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New grain handling technology on show at MMS
A catchy harvest, increasingly uncertain weather patterns and phasing out of the basic farm payment have focused arable farmers’ attention on optimising grain quality post-harvest to maximise returns.
And there is lots of new technology on the market to improve efficiencies, speed throughput and protect grain, which will be on display at the Midlands Machinery Show in November.
“It is critical to look after corn after it has left the combine,” says Richard Flach, co-owner of grain drying specialist Flach and le-Roy. “The benefits of correctly and efficiently handling and storing grain post-harvest cannot be ignored any longer. All too often farmers spend £1-2m on a new combine – which they replace after five years – then just stick the grain in a shed until sold.”
There is a marked increase in inquiries for both grain handling and storage systems, he says. With quality systems lasting, on average, up to 40 years, family farms with a keen younger generation are currently reviewing on-farm facilities while they still have the basic payment to help finance replacing or upgrading equipment.
“This season some farmers have really struggled to get crops dry in time to meet market and storage requirements,” explains Andrew Head, managing director of grain handling firm BDC Systems. “Those who understand the benefits of hot air temperature driers, such as the Svegma Continuous Flow Dryer, have seen how successfully they can manage wet, tricky and unpredictable harvests.”
Improving efficiency is also a key priority: More so, now than ever, in light of significant increase in fuel and gas prices.
“Farmers can save on fuel costs by maximising the sun’s operating latent heat when on-floor bulk drying,” explains Mr Flach. “Justify the cost of investing in technology which promises efficiency: Will that investment make for financial sense when only used for two months a year?”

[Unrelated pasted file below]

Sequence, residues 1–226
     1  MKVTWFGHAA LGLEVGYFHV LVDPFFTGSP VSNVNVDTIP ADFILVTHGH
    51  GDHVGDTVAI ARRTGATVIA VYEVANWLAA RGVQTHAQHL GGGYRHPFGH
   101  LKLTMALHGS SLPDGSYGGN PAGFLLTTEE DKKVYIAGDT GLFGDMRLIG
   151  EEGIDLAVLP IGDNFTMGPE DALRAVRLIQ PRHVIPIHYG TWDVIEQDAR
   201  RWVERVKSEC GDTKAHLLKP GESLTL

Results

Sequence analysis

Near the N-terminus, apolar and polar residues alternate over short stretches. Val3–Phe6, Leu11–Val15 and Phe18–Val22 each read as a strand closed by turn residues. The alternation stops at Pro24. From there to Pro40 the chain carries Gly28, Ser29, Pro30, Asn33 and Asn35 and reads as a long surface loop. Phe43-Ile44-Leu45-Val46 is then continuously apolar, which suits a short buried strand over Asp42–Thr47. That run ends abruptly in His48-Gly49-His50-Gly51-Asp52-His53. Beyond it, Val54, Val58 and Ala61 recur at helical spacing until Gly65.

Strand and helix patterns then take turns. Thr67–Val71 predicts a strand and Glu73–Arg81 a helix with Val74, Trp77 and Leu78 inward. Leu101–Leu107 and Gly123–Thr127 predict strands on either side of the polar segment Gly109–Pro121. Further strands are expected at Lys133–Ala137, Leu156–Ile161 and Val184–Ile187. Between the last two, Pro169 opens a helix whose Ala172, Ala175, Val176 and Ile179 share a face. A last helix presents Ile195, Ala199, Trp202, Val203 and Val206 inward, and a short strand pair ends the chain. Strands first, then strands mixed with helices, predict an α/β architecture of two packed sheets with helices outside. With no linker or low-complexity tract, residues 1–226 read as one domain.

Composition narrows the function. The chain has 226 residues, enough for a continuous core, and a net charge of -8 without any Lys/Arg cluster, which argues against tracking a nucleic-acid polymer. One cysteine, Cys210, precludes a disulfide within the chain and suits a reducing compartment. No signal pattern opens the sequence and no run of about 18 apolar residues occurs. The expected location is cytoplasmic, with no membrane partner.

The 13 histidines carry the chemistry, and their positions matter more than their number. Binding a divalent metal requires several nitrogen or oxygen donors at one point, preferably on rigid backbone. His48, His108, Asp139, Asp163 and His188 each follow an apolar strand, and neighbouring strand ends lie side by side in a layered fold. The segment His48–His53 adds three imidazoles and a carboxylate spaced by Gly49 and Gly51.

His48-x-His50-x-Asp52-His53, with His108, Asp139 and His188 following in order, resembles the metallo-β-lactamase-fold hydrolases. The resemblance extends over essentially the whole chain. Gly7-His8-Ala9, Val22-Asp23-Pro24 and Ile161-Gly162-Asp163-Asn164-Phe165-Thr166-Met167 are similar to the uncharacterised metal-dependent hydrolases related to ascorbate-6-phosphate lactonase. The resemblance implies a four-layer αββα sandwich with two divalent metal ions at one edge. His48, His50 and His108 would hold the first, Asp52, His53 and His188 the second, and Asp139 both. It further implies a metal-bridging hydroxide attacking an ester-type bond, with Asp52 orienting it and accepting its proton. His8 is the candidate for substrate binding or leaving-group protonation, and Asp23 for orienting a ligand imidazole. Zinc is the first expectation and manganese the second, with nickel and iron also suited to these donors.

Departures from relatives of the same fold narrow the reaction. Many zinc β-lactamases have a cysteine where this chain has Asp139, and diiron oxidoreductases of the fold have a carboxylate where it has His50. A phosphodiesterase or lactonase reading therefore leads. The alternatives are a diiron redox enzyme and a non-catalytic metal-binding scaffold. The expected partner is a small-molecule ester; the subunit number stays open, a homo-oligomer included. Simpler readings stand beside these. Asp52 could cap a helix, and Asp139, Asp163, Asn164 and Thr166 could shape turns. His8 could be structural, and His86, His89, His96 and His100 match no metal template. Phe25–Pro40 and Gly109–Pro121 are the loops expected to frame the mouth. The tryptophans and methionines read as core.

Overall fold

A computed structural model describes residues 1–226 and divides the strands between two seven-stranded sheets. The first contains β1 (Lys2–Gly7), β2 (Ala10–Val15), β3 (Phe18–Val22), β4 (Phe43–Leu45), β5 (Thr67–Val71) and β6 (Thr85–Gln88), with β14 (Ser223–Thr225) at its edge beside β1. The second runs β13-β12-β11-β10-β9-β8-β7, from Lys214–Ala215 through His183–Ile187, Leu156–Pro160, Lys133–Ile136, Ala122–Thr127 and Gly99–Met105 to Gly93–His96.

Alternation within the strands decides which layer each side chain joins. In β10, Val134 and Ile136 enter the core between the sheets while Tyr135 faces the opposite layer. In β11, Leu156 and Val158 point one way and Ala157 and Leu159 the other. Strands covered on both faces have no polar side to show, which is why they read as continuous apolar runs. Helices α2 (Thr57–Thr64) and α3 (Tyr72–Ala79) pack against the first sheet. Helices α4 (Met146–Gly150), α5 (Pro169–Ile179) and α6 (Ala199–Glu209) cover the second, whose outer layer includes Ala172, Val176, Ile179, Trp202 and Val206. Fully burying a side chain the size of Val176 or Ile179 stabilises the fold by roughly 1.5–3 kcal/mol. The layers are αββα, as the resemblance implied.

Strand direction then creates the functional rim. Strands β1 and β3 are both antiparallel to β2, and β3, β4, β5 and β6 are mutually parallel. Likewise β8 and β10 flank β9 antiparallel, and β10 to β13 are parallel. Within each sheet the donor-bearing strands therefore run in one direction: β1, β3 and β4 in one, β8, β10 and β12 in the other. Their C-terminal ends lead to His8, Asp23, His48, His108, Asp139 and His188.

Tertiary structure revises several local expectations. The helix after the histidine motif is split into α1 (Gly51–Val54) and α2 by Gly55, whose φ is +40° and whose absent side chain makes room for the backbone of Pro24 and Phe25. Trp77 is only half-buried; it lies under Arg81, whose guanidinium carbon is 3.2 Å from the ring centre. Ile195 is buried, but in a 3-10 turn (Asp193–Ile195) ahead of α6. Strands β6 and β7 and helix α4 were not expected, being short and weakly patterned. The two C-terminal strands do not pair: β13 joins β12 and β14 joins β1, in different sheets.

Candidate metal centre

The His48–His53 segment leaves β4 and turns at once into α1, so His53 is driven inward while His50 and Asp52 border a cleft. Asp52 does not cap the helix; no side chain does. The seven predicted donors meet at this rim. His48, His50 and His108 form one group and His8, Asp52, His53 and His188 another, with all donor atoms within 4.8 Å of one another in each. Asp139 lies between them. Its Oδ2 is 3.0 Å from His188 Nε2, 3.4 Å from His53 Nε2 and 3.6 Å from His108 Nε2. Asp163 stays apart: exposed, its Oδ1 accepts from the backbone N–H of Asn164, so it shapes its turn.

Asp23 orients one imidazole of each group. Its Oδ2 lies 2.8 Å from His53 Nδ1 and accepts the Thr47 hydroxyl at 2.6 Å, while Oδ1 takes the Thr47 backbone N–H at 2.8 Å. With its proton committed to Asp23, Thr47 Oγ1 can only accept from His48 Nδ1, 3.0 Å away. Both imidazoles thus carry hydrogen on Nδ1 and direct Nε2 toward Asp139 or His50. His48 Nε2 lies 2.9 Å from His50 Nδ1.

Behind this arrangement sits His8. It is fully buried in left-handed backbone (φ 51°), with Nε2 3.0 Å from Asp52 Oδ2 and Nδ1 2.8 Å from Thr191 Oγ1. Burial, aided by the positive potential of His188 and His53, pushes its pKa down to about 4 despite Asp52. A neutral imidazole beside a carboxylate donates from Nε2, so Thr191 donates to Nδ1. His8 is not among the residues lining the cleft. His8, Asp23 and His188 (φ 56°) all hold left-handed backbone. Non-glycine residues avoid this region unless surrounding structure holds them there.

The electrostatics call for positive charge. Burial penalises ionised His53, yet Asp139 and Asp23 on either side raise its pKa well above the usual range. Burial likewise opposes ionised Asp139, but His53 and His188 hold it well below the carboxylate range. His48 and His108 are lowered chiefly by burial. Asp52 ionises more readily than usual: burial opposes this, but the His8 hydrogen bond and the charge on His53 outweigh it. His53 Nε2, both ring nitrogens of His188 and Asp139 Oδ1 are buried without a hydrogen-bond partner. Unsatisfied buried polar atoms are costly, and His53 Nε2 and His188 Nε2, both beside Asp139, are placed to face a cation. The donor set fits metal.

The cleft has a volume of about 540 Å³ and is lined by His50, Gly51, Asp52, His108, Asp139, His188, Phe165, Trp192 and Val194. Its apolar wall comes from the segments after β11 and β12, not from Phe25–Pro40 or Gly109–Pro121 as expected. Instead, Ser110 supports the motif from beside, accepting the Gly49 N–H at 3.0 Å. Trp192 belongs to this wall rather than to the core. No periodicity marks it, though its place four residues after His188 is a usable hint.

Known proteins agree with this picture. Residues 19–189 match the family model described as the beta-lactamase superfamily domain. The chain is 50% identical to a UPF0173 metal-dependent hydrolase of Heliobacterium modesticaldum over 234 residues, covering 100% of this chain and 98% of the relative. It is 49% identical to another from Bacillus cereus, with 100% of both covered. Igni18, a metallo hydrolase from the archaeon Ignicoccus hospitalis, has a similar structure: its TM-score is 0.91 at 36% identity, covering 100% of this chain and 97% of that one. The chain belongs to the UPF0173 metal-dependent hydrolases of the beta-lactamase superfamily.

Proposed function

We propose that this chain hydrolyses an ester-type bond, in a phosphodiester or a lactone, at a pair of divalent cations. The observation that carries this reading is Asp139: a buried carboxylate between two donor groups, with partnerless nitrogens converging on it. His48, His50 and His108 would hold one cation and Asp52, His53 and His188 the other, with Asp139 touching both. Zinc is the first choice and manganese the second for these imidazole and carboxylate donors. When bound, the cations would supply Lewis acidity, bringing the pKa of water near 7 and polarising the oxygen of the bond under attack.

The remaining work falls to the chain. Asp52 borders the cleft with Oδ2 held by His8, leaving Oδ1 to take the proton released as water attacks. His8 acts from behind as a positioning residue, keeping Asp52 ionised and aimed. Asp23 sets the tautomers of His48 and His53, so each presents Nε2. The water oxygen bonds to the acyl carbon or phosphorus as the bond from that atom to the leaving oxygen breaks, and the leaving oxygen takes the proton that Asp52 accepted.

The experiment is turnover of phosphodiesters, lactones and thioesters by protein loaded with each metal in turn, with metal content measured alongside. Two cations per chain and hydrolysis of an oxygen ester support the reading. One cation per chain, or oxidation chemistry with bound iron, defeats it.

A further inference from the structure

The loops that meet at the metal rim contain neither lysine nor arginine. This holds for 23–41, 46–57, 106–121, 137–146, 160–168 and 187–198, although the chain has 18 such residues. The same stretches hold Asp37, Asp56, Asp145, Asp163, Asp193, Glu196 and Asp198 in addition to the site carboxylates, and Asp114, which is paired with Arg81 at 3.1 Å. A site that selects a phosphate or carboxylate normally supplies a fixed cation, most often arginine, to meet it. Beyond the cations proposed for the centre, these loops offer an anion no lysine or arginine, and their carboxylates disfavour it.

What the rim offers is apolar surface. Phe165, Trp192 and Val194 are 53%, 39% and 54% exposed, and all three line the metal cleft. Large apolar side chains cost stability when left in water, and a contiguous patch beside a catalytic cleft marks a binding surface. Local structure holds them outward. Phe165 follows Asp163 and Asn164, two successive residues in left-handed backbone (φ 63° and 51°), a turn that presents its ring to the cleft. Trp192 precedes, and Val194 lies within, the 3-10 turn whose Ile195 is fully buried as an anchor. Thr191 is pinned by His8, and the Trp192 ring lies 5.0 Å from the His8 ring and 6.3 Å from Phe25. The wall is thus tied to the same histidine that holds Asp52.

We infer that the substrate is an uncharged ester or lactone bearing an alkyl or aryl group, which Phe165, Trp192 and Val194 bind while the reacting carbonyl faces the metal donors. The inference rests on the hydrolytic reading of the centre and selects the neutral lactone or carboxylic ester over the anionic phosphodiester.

The design of double drying systems makes for increased efficiency, according to Jorge Semiao, marketing manager at grain dryer manufacturer Alvan Blanch. “Recirculating hot air saves fuel. These systems might retail for more money but there is huge operative efficiency.
“We are soon launching a smart controller which reads both the grain’s input and output moisture levels and then automatically manages the drier to achieve desired moisture output,” he adds. “Over the past two years 20 UK installations have trialled the system; the results and accuracy are great. The controller can be fitted to existing systems and has proven to reduce fuel costs.”
BDC Systems has already seen increased interest in its Moisture Monitor System (MMS). “It samples grain from both incoming and outgoing elevators,” explains Mr Head. “If grain is getting dried to 14%, it detects when moisture content goes above or below 14% and sends a text message. The MMS’ system is remotely controlled to ensure correct levels are maintained.”
Garry Ingram, managing director at Master Farm – which specialises in mobile driers - admits that reinvesting in grain storage and handling is never a top priority for farmers. “They tend to eke it out year after year because driers are only needed when weather is bad. At harvest they tear out their hair out for a few weeks then convince themselves next year will be ok,” he says.
“But mobile systems are certainly generating more interest. Today’s models are more efficient and tend to hold their second-hand value – certainly better than a fixed system. And there are grants out there; you just need to be very astute to find them. There is a lot of paperwork involved but these machines are expensive so it is well worth the effort.”
The national logistics crisis highlights problems for producers who do not have enough long-term grain storage infrastructure. says Richard Jenner, member services director at grain marketing co-operative Openfield.
“The main benefit to co-operative membership is the opportunity to move grain to a network of storage facilities, enabling members to hold onto grain until the market improves. With the grain market moving c.£50/t during both of the past two years, the opportunity value lost has been significant for those who have had to sell immediately off farm.”
Membership also gives access to advanced technology which would not be financially viable on individual holdings. This can add significant value to the crop, says Mr Jenner. “Techniques like fine cleaning and colour sorting are becoming more prevalent as the requirements of the food and drink industries and the customers they serve are ever evolving.”
All of these industry experts will be available to speak to at the Midlands Machinery Show, which takes place on 9-10 November 2021 at Newark Showground, Nottinghamshire.
· Tickets are now available. Entry is free but advanced registration is essential. For more information or to book tickets visit www.midlandsmachineryshow.com.